“Nine has such a great brand awareness, and it resonates really strongly with broader Australia,” Parsons comments. “The trust, positive sentiment and attitude towards the brand is quite strong.

“We could have called it [the online offering] something completely new. However, when you think about our strategy, there really only was one answer, and it had to be leveraging that Nine brand Australians have grown up with. Over time, a brand that’s synonymous with TV will be synonymous with great audio visual content, and that should be delivered anywhere.”

Nine’s wider ambition is to redefine TV, which Parsons says is about great audio visual content, distributed broadly. He admits this makes the competitive landscape both broad and convoluted.

“With our 9Honey [lifestyle] business for instance, our competitors are traditional print publications, predominantly magazines, as well as new online competitors, plus TV content and lifestyle shows on TV,” he says. “When I think about our 6pm bulletin news, we see competitors as 7, 10, ABC and SBS. But for online news, it’s just as likely to be the Sydney Morning Herald, and the Daily Telegraph. Then I think about the entire piece and entire proposition is not only Fairfax, News, Seven Ten and ABC, it’s also increasingly the global technology platforms of YouTube and Facebook.

“You really need to consider the context of that entire operating environment, and that adds complexity. But in this day and age, that comes with the territory. You have to be able to think of different competitors at different times and in different terms in order to execute a strategy that’s successful.”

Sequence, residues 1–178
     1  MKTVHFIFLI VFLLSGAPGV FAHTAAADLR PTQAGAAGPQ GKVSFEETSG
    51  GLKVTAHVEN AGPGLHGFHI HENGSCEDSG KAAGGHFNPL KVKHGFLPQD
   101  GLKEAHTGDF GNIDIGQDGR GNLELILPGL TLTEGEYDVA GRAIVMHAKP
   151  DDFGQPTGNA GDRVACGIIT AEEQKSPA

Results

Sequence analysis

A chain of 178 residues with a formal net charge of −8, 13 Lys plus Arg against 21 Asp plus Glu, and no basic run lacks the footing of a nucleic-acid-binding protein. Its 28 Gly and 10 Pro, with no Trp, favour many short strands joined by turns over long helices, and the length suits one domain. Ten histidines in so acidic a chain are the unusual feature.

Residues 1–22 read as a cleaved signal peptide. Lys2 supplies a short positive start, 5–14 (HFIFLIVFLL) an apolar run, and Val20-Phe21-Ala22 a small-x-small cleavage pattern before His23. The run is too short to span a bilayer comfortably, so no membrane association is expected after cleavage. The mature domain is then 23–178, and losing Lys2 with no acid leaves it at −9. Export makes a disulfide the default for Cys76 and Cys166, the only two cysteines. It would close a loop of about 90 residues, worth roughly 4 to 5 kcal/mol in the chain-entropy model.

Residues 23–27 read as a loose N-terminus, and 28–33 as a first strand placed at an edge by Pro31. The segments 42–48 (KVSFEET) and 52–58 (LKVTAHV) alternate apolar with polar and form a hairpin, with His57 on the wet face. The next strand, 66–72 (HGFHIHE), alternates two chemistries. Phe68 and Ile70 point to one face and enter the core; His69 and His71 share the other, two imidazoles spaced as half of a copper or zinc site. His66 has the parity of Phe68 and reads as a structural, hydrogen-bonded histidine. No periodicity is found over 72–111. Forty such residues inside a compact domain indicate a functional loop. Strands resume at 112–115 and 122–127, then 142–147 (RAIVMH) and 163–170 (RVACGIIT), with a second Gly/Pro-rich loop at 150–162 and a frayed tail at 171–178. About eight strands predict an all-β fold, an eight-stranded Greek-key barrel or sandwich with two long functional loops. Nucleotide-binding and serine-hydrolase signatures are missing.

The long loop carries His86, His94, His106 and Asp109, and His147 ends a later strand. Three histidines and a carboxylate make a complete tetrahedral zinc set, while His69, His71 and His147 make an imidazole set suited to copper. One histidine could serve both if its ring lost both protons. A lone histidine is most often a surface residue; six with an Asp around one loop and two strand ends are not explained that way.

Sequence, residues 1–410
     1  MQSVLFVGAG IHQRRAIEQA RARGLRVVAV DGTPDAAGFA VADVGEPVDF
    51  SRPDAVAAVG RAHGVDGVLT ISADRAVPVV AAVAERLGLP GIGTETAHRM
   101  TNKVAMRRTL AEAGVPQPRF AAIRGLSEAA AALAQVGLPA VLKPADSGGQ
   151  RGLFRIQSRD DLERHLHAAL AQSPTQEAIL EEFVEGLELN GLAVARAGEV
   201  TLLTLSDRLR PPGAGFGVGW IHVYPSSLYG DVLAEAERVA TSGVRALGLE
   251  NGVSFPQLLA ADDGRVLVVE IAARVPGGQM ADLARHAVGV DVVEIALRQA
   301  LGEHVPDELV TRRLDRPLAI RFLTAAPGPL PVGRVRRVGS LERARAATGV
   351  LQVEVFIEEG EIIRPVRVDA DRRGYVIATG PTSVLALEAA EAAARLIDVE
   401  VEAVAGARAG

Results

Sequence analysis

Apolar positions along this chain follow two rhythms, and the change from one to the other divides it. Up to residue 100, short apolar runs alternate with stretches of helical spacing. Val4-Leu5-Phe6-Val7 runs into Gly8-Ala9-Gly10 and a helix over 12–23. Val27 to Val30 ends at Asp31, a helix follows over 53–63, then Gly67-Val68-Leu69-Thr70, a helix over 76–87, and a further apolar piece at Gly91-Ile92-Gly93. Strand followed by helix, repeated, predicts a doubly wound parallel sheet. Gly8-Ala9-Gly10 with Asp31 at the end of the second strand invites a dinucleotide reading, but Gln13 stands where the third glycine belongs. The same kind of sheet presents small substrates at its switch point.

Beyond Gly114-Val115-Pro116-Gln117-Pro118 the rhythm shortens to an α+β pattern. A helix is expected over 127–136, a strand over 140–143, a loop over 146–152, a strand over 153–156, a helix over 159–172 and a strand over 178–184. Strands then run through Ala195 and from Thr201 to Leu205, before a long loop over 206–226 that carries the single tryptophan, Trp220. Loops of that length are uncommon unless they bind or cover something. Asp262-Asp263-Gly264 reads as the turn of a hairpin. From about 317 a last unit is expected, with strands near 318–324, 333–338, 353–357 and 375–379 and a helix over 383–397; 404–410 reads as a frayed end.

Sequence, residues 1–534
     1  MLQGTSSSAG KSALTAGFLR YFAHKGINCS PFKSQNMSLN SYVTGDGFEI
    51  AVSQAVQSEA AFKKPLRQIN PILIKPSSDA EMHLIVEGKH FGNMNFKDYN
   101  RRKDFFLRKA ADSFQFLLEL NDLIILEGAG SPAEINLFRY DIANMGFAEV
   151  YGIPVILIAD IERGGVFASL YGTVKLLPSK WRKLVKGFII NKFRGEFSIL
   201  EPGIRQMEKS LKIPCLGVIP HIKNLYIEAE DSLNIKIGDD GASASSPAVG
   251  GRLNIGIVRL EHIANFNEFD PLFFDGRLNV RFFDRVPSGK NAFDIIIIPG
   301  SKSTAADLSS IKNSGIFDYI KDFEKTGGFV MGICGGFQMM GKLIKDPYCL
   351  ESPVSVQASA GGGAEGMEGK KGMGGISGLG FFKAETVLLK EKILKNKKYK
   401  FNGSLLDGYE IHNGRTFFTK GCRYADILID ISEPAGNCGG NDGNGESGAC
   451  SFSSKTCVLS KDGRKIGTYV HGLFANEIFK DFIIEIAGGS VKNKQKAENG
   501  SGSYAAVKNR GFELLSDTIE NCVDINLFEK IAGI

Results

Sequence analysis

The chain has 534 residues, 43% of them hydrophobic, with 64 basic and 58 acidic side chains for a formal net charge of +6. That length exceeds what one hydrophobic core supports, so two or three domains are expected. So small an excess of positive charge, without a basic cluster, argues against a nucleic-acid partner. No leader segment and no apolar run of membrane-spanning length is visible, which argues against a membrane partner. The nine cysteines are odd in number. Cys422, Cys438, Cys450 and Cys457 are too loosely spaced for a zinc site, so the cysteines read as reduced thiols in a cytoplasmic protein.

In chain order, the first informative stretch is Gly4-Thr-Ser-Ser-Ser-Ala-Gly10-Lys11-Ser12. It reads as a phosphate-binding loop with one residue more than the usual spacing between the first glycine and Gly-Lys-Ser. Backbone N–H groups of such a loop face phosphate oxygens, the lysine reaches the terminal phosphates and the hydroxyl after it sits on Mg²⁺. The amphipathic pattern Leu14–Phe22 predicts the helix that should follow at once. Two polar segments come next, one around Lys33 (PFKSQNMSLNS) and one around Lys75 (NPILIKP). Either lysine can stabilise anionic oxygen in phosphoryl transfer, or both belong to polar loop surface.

What’s helping is clarity in Nine’s content strategy, Parsons says, which revolves around building a leadership position in four areas: News, sports, lifestyle and video on-demand.

“The Nine news brand, as a news brand, is the most consumed news brand in Australia. We want to further develop and fuel that to increase that position,” he says. “Sport is also incredibly important to us, and that’s different from an audio visual broadcast compared to what we do digitally. In broadcast, we’re strong in Cricket, NRL, Netball and the AFL, whereas Wide World of Sports online has to be strong across all sports.”

Then there’s lifestyle. Nine launched the 9Honey umbrella brand in 2015 originally as a fashion pillar, then extended the brand proposition last year across all lifestyle properties. Underneath this, individual category brands cover different topics, such as 9Elsewhere for travel, and 9Kitchen for food.